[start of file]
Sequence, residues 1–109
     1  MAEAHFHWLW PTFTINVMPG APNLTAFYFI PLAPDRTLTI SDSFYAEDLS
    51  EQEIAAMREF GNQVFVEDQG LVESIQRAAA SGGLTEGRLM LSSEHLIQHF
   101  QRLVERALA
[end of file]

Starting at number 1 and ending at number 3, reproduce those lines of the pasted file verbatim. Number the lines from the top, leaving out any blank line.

Sequence, residues 1–109
     1  MAEAHFHWLW PTFTINVMPG APNLTAFYFI PLAPDRTLTI SDSFYAEDLS
    51  EQEIAAMREF GNQVFVEDQG LVESIQRAAA SGGLTEGRLM LSSEHLIQHF